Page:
We’ve all heard the saying “you are what you eat” and here’s another reason to believe that’s true. Did you know that by eating certain plant compounds, you could gain some of the same sun protection for your skin that plants themselves use? Of course, that’s not a license to go lay out in midday sun all summer without protection, but the following foods may increase your skin’s ability to ward off damage from the sun.
It’s not hard to find a reason to eat berries, but add them to the list of foods that can protect your skin from the sun. These fruits are full of vitamin C, a well-known antioxidant, which boosts collagen production in the skin.
One medium orange not only contains about 75 percent of the RDI of vitamin C, but it also contains the skin-protecting pigment beta-carotene, which a study published by Molecular Biotechnology showed decreased skin’s sensitivity to UV rays.
The same pigment that gives the carrot its protection from the sun may also keep your skin from getting blistered. Besides being rich in beta-carotene, carrots also taste delicious dipped in hummus or mixed into homemade coleslaw.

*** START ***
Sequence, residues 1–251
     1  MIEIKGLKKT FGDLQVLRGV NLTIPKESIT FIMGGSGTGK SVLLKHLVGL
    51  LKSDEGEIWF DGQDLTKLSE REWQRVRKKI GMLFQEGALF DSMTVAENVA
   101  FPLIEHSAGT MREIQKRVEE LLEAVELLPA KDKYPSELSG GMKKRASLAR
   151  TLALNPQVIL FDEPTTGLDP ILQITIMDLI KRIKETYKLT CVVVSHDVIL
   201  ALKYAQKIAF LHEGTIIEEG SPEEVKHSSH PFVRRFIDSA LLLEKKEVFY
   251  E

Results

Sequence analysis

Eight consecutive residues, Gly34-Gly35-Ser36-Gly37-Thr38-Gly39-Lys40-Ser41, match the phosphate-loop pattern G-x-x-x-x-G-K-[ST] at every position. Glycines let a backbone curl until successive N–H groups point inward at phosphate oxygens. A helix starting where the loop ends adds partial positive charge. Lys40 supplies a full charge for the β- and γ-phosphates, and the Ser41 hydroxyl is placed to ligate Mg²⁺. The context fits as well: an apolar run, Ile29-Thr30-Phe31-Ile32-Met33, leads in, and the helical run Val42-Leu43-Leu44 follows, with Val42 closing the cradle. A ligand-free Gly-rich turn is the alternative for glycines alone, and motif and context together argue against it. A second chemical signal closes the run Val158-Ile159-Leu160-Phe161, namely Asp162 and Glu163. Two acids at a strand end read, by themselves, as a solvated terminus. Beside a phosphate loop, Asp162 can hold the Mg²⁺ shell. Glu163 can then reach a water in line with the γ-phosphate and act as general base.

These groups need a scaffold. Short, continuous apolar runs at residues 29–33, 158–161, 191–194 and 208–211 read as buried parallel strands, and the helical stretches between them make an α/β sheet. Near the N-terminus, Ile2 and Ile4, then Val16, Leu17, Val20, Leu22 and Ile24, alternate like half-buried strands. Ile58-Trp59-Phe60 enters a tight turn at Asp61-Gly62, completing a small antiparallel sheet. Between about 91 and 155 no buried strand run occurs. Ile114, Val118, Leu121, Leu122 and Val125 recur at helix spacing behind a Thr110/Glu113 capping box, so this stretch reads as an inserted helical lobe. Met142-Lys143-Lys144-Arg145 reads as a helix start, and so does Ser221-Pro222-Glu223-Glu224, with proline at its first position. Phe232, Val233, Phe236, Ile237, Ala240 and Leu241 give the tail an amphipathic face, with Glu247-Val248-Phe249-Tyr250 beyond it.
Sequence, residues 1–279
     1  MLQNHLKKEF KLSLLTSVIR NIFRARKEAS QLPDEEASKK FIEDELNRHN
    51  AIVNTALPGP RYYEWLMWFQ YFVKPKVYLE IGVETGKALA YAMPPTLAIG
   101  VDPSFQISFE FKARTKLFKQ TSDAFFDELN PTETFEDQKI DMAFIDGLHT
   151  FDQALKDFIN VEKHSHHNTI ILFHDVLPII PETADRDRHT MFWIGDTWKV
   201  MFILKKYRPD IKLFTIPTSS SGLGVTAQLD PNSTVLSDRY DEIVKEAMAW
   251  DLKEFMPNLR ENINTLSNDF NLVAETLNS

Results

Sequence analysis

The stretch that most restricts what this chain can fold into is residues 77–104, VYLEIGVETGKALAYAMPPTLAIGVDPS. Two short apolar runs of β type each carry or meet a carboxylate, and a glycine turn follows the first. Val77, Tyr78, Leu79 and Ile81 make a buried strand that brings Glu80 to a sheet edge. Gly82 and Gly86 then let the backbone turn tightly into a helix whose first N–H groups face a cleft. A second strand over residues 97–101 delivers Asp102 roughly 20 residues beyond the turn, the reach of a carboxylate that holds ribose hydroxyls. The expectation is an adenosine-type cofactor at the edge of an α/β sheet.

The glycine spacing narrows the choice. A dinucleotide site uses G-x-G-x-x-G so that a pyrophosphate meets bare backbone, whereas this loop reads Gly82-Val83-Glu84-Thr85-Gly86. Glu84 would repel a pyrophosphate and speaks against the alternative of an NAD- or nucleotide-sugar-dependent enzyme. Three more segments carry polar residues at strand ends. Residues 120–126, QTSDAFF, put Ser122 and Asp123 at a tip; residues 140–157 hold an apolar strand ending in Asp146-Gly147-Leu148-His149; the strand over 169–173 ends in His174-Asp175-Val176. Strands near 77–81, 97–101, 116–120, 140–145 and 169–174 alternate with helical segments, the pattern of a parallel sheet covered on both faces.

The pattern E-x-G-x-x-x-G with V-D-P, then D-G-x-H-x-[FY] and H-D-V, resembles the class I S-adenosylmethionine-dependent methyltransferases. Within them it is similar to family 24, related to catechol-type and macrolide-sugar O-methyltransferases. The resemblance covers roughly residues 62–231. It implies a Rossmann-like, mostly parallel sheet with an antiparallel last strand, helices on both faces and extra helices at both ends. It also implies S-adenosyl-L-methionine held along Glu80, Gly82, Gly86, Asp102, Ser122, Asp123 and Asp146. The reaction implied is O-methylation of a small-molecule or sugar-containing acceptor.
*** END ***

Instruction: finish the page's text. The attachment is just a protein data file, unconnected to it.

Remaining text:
Rich in both Vitamin C and carotenoids, leafy greens, such as leaf lettuce and spinach, protect your skin with an antioxidant double whammy! P.S. The darker the greens, the better!
Not only does the vitamin E in almonds help prevent and reduce the severity of sunburn, but combined with vitamin C-rich foods, the protection offered from both foods is maximized. Try tossing some almonds and strawberries into a salad for a delicious and skin-loving combo.
A summer staple, cantaloupe protects your skin by helping you stay hydrated and giving you a dose of lycopene, another naturally occurring plant pigment. Research done by the Journal of British Dermatology shows lycopene may decrease skin’s sensitivity to UV rays. Bonus: you guessed it; cantaloupe is a vitamin C powerhouse!
Rich in both vitamin C and carotenoids, bell peppers are an easy-to-use food in your healthy skin diet.
Tomatoes are another lycopene-rich food but according to a 2011 study from the British Journal of Dermatology, the bioavailability of the carotenoid may be greater in processed tomato products. Try using tomato paste as a base for soups or in a sauce.
A 2010 review in the Archives of Dermatology suggests that a diet rich in polyphenols can defend skin from the sun’s harmful UV rays. One to two cups a day of this light-tasting tea can help you take advantage of its skin-protecting
Like almonds, flaxseed is full of vitamin E. Take advantage of the C & E combo by mixing some ground flaxseed into a smoothie with some kale and blueberries.
It’s important to remember that while adding these foods to your diet may prevent burns or lessen the intensity of damage done by the sun, you should always take proper caution when being outdoors for an extended period of time. Along with eating these foods, you can avoid the sun altogether during peak hours (from around 10 a.m. to 3 p.m.), wear protective clothing when you will be in direct sunlight, and wear sunscreen daily.